I recently joined Determine as their Senior Vice President of Customer Success, but it is not a new role for me. [inlinetweet prefix=”” tweeter=”@Determine” suffix=”#procurement”]One of the primary things I work on with companies is the need to tell their success stories[/inlinetweet], whether internally or externally. Believe it or not, the reasons for doing this – regardless of the intended audience – aren’t as different as you might think.
Capturing success stories provides direct evidence of procurement’s ability to bring value, and it contributes to the influence of the department. Procurement can roll out systems, hit goals, and deliver measurable value for the company. But if these contributions are not being explicitly communicated, they are likely to escape notice. Connecting procurement’s abilities with an increased awareness of the value they bring elevates procurement within the organization.
If, on top of sharing those successes, procurement has a strategic partner that helps them quantify the value they create, they can provide a roadmap to success that will address both change management and the adoption of best practices.
What level of connection exists between your company and the provider?
Now that we’ve established the benefits of positioning procurement as value-added and having the support of a partner in capturing that value, let’s think about the nature of procurement’s relationship with that strategic partner.
A tactical arrangement – because you can’t really call it a partnership or a relationship – with a provider will be limited to having transactional benefits. But a strategic partnership comes with more visibility and more potential for getting things done. It seems reasonable to suggest that more insight must be provided in order to realize these expanded benefits.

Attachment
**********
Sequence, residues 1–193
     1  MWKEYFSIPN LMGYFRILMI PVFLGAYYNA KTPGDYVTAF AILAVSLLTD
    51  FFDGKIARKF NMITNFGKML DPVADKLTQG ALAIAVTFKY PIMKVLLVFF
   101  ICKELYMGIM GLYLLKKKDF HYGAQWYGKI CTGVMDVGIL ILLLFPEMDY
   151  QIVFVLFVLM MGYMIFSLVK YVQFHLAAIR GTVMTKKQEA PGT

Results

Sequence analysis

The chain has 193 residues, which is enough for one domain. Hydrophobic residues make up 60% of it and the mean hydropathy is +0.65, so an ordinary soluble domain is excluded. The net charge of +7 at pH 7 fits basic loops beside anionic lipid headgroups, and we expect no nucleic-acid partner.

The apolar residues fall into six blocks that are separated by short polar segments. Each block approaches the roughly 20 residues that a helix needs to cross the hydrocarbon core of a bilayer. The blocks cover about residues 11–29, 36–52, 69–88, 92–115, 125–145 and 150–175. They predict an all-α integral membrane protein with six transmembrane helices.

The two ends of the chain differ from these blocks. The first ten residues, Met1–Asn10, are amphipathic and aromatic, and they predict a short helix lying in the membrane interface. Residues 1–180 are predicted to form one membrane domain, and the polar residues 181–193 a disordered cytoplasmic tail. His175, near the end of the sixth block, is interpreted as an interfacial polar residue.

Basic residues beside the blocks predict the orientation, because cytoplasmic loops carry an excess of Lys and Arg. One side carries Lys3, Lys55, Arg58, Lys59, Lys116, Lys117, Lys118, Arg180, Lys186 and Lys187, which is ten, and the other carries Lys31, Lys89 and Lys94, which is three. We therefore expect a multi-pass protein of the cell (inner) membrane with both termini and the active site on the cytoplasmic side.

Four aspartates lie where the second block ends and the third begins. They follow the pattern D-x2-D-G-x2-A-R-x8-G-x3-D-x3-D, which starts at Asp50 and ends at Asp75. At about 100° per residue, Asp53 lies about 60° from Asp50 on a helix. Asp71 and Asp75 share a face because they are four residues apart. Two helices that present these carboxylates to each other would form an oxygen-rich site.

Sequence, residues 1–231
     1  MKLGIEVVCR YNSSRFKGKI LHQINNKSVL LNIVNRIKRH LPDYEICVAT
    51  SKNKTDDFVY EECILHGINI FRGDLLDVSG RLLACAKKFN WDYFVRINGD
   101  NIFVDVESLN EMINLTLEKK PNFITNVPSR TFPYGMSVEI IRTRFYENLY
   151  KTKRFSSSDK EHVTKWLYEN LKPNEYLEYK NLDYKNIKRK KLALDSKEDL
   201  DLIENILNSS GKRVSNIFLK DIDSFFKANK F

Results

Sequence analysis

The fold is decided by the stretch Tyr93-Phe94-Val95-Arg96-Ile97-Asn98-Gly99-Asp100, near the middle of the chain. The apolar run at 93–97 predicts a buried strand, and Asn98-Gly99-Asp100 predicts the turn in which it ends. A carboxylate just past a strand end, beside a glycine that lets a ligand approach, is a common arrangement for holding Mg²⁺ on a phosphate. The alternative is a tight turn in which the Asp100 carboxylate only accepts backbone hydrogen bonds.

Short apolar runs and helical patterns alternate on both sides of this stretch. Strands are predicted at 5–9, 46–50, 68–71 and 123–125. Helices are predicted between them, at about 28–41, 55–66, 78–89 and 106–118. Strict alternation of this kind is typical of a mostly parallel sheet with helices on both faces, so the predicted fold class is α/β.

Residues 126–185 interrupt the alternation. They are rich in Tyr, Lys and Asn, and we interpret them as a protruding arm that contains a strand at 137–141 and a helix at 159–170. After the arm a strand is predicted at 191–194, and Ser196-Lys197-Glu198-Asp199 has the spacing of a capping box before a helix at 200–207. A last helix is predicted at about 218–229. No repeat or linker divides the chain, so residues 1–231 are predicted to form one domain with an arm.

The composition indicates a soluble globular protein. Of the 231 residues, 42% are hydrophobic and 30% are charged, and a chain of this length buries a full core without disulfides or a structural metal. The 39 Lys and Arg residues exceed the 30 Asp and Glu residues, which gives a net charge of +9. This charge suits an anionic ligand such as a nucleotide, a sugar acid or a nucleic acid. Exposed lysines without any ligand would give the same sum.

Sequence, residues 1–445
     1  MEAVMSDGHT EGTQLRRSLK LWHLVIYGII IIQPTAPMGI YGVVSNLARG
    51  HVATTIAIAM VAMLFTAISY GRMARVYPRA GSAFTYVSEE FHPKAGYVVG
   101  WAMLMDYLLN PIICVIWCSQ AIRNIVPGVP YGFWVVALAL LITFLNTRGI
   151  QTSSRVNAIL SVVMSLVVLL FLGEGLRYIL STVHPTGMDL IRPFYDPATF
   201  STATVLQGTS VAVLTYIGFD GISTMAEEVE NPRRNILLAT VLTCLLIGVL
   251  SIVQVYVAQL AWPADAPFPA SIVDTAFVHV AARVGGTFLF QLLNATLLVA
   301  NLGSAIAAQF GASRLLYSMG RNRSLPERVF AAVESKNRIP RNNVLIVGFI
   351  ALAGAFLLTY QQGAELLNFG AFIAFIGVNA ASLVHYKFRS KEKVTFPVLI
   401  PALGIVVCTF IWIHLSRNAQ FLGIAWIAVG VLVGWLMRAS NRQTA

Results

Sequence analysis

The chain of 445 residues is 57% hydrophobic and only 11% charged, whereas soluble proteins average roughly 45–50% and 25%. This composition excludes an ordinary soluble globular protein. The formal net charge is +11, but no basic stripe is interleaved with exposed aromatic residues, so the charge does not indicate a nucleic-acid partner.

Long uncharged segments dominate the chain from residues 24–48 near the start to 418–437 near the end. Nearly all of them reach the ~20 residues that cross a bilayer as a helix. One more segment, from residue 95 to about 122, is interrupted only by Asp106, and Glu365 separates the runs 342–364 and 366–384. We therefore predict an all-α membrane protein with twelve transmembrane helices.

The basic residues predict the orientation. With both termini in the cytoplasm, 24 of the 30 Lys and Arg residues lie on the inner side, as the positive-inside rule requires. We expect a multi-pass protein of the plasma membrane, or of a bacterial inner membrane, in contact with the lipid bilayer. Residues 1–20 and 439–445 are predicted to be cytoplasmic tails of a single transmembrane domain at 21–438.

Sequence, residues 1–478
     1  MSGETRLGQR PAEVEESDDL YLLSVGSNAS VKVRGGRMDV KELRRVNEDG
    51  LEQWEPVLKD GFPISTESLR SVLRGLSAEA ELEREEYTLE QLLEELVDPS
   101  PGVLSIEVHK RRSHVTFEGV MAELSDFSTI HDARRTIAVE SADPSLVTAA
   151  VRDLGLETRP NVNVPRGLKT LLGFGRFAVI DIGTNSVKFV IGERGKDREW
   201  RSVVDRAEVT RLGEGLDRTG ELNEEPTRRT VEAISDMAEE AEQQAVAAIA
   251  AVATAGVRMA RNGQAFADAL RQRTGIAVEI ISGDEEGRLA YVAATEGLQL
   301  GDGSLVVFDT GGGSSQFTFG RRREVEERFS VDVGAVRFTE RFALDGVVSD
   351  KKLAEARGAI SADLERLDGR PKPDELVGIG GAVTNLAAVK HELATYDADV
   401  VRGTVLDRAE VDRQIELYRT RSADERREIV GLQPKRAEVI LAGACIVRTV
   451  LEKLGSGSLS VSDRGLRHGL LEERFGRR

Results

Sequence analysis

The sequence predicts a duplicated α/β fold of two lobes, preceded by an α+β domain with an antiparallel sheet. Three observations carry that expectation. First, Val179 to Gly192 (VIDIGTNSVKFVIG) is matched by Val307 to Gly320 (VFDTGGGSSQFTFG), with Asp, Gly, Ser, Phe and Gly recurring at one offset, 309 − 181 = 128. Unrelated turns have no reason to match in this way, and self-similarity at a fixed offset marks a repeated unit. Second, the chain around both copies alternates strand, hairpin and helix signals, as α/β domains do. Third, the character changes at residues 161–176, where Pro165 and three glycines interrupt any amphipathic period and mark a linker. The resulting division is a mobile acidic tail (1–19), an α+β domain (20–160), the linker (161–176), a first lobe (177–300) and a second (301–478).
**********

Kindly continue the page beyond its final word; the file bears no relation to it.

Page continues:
[inlinetweet prefix=”” tweeter=”@Determine” suffix=”#procurement”]The higher level this relationship is, the more value procurement will get from the relationship[/inlinetweet] because the provider has greater insight into the driving objectives of the company as a whole. If you are blocking your provider(s) from having executive-level contact, you need to ask yourself “why?” What is the purpose of keeping the provider in the dark about the company’s priorities and objectives? Are you also unintentionally preventing them from helping you achieve higher levels of value?
What kind of conversation are you having with your provider?
If 90% of the conversations between procurement and a provider are based on inquiries regarding support ticket status or discussions of bugs in the system, it might be due to one of two things; either the provider is not capable of delivering more, or procurement has a limited view of the potential benefit associated with that provider. Both explanations are dangerous, and neither will lead to strategic or value-oriented results. If your provider is “just another vendor,” you can hardly look to them to deliver strategic value.
Does it take one to know one?
One of the connections that some procurement teams don’t make is the connection between how their providers are positioned and how they are viewed themselves. If procurement’s technology provider is not viewed or positioned as strategic internally, then there is a good chance procurement is not positioned or viewed as strategic either. Who better to partner with than a company that is bound to benefit from procurement’s ascent up the ladder of internal influence?
The final question that remains is how to capture and measure that value. In my next post, I’ll describe my framework for customer success – one that includes efficiency, effectiveness, and overall value.
If you’d like to learn more about increasing procurement’s value and influence in your organization, check out our archive of blogs, webinars and research. Better yet, schedule a personalized demonstration of the Determine Cloud Platform and we’ll show you.